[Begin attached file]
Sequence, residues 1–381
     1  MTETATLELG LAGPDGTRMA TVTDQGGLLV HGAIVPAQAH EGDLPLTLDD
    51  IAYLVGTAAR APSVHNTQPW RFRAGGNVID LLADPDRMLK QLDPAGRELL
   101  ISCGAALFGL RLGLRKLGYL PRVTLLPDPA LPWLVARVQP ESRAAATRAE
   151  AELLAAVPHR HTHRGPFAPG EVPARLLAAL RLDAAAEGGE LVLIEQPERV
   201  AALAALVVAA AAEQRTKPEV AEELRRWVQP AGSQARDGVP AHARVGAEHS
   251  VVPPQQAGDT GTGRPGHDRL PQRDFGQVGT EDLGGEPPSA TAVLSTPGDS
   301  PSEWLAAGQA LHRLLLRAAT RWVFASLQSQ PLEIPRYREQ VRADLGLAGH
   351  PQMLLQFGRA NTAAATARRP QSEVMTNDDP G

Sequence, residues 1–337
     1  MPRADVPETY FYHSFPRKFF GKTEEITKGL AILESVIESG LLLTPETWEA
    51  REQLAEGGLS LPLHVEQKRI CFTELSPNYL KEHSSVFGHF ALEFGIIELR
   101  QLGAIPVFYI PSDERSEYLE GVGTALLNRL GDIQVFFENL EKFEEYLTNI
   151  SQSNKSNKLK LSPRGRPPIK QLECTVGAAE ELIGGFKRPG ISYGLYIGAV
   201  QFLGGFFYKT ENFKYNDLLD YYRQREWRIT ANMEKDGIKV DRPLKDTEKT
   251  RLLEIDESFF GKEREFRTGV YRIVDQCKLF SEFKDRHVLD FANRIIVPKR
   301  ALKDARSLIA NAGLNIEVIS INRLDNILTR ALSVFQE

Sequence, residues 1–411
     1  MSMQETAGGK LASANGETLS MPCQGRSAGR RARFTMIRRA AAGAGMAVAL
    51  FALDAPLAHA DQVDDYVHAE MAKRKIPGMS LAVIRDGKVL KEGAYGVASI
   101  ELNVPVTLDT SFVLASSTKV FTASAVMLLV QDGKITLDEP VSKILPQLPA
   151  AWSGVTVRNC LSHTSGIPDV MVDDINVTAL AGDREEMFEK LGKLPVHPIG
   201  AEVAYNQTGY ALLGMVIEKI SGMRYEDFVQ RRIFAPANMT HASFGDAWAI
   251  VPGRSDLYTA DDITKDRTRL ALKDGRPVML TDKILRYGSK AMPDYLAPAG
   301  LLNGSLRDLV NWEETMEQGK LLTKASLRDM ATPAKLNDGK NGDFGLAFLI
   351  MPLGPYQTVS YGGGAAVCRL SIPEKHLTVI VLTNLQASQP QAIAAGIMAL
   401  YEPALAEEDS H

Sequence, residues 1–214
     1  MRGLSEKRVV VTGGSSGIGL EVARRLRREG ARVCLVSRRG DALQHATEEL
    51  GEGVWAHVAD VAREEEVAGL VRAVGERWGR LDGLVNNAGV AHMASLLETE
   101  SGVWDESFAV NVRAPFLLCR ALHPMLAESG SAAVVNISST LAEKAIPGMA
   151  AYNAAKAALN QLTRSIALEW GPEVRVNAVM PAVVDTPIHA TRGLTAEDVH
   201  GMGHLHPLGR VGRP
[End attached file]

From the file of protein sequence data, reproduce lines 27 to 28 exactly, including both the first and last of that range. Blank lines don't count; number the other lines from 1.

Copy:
   401  YEPALAEEDS H

Sequence, residues 1–214